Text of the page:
Against this complex backdrop, Gitman details many concrete examples of how Croats, often with the knowledge and cooperation of the regime's officials, subverted the government's compliance with Nazi policies, but perhaps the most intriguing is how Jewish physicians were sent to Bosnia on a bizarre mission to eradicate syphilis amongst the Muslim population. This ingenious scheme, which was backed by the Minister of Health and supported by three out of seven other ministers and the Ustaša leader Ante PaveliÄ‡, enabled Jewish physicians to be employed and therefore protected by the government. It was essentially a deception, for the "primary rationale" was to "save as many Jewish physicians as possible", but it was a deception that Croatian officials largely countenanced. The immediate families of the physicians were also given immunity from deportation, and later on (as the situation deteriorated) some took the opportunity afforded by their protected status to either defect to the Partisans or escape the country altogether.
The most eye-opening chapter of When Courage Prevailed is perhaps the one about the Catholic Church and the Zagreb Archbishop Alojzije Stepinac who was subsequently convicted by the Communists for assisting the Ustaše in a highly political trial. Gitman analyses diplomatic correspondence, Stepinac's letters and "inspirational" sermons, and his interaction with both the Ustaša government and the Jewish community to argue compellingly that Stepinac "found himself between a rock and a hard place" but despite this was "outspoken" against the Ustaše and Nazis. He also personally intervened to secure the survival of many Jews, some of whom he even gave sanctuary on church property. Interestingly, the Chief Rabbi of Zagreb declined Stepinac's offer of sanctuary so that he could remain with his people, but he did entrust his entire library to the Archbishop's safekeeping and it was duly returned to the Jewish community in its entirety after the war.
Esther Gitman portrays Stepinac as a courageous prelate who never forgot "his belief in moral law as a guiding principle". She reminds us that he believed there was only one race, the human race, and that he was the sort of man who requested that the eight Jewish priests and nuns in his diocese continue to wear the yellow Star of David despite an exemption as a sign of their "belonging to the people from which Our Saviour was born". She explains that he allowed false conversions "in order to save human lives" with the explicit intent that they could "return to their church" when "this time of madness and savagery passes". And she repeatedly explodes the myth that Stepinac or his Church in any way supported the Ustaše, noting that he appealed to PaveliÄ‡ to "cease the persecution of Orthodox Serbs", declaring that the Catholic Church feared no earthly power "when it is a question of defending the most basic rights of men". As early as 1941, the Germans were complaining to the SS in Berlin about the "troublesome archbishop": "We were informed all along about the political meddling of the cleric [Stepinac]… most churches in Croatia have contacts with London and the government-in-exile…. Our objective is to eliminate [his] influence."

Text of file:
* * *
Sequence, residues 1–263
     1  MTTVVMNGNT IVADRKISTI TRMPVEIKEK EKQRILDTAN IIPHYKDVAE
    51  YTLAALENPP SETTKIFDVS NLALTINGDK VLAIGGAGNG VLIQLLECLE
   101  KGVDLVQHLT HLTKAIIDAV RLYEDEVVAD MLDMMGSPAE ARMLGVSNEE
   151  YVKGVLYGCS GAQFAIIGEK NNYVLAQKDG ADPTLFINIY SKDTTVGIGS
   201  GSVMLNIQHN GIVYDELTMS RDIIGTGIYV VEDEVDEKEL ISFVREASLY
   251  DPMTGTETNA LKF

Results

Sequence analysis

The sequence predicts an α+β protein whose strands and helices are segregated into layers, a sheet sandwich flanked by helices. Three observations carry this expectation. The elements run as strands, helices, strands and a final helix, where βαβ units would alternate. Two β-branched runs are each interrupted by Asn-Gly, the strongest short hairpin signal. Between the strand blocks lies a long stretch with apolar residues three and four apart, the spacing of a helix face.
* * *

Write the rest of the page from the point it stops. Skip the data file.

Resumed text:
When Courage Prevailed also examines the role of Italians (who occupied the Dalmatian coastal region of Croatia) in rescuing Jews and how the Italian-controlled areas were important for the transit of Jews escaping the Ustaše and in their own right as havens. We learn of the Italian Army's pretence of incompetence to cover their pro-Jewish activities, the long-term hiding of Jews by Catholic clergy, and how Jewish children from Sarajevo who were initially rescued by the Croatian Jews of Osijek were then transferred to Italy where they once again had to be rescued due to the capitulation of Italy. If there is one criticism I have of this book, it is that Gitman tantalises us with so much heart-wrenching firsthand testimony but neglects to tell the story of even one survivor in its entirety.
Ultimately, When Courage Prevailed demonstrates that the rescue of Jews in the Independent State of Croatia was a joint effort that required the cooperation of "individuals, armies, and humanitarian and religious institutions from several countries". It points to a form of resistance that was valiant, uninterrupted by the threat of Nazi and Ustaša reprisals, and remarkably widespread – resistance that should not be swept under the carpet on account of the depressingly large proportion of Jews who did not survive. As Esther Gitman concludes, this "collective effort" by "government officials, Catholic prelates, and ordinary citizens of all faiths who put their own lives and those of their families in harm's way" – that saved nine thousand five hundred Jews – "confirms that dictators like Hitler, Mussolini, and PaveliÄ‡ can be defeated when countries unite and challenge the misguided ideologies that intend to divide the world into races, ethnicity, and religion".